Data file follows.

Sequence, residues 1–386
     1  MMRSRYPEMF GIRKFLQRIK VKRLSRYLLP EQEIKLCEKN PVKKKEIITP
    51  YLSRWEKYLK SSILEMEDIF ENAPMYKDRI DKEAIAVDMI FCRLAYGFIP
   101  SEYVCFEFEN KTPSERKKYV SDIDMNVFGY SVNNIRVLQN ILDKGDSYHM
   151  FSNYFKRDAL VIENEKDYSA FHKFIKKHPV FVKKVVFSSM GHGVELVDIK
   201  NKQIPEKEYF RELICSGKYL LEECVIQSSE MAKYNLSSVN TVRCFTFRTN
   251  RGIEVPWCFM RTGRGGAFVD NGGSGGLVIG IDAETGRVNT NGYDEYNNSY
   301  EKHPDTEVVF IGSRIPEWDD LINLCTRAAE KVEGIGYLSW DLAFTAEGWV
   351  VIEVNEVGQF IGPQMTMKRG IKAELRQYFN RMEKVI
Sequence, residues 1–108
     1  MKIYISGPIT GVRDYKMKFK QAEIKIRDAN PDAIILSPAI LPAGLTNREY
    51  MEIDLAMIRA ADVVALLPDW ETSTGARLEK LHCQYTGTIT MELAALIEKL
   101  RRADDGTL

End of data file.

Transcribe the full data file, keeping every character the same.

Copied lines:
Sequence, residues 1–386
     1  MMRSRYPEMF GIRKFLQRIK VKRLSRYLLP EQEIKLCEKN PVKKKEIITP
    51  YLSRWEKYLK SSILEMEDIF ENAPMYKDRI DKEAIAVDMI FCRLAYGFIP
   101  SEYVCFEFEN KTPSERKKYV SDIDMNVFGY SVNNIRVLQN ILDKGDSYHM
   151  FSNYFKRDAL VIENEKDYSA FHKFIKKHPV FVKKVVFSSM GHGVELVDIK
   201  NKQIPEKEYF RELICSGKYL LEECVIQSSE MAKYNLSSVN TVRCFTFRTN
   251  RGIEVPWCFM RTGRGGAFVD NGGSGGLVIG IDAETGRVNT NGYDEYNNSY
   301  EKHPDTEVVF IGSRIPEWDD LINLCTRAAE KVEGIGYLSW DLAFTAEGWV
   351  VIEVNEVGQF IGPQMTMKRG IKAELRQYFN RMEKVI
Sequence, residues 1–108
     1  MKIYISGPIT GVRDYKMKFK QAEIKIRDAN PDAIILSPAI LPAGLTNREY
    51  MEIDLAMIRA ADVVALLPDW ETSTGARLEK LHCQYTGTIT MELAALIEKL
   101  RRADDGTL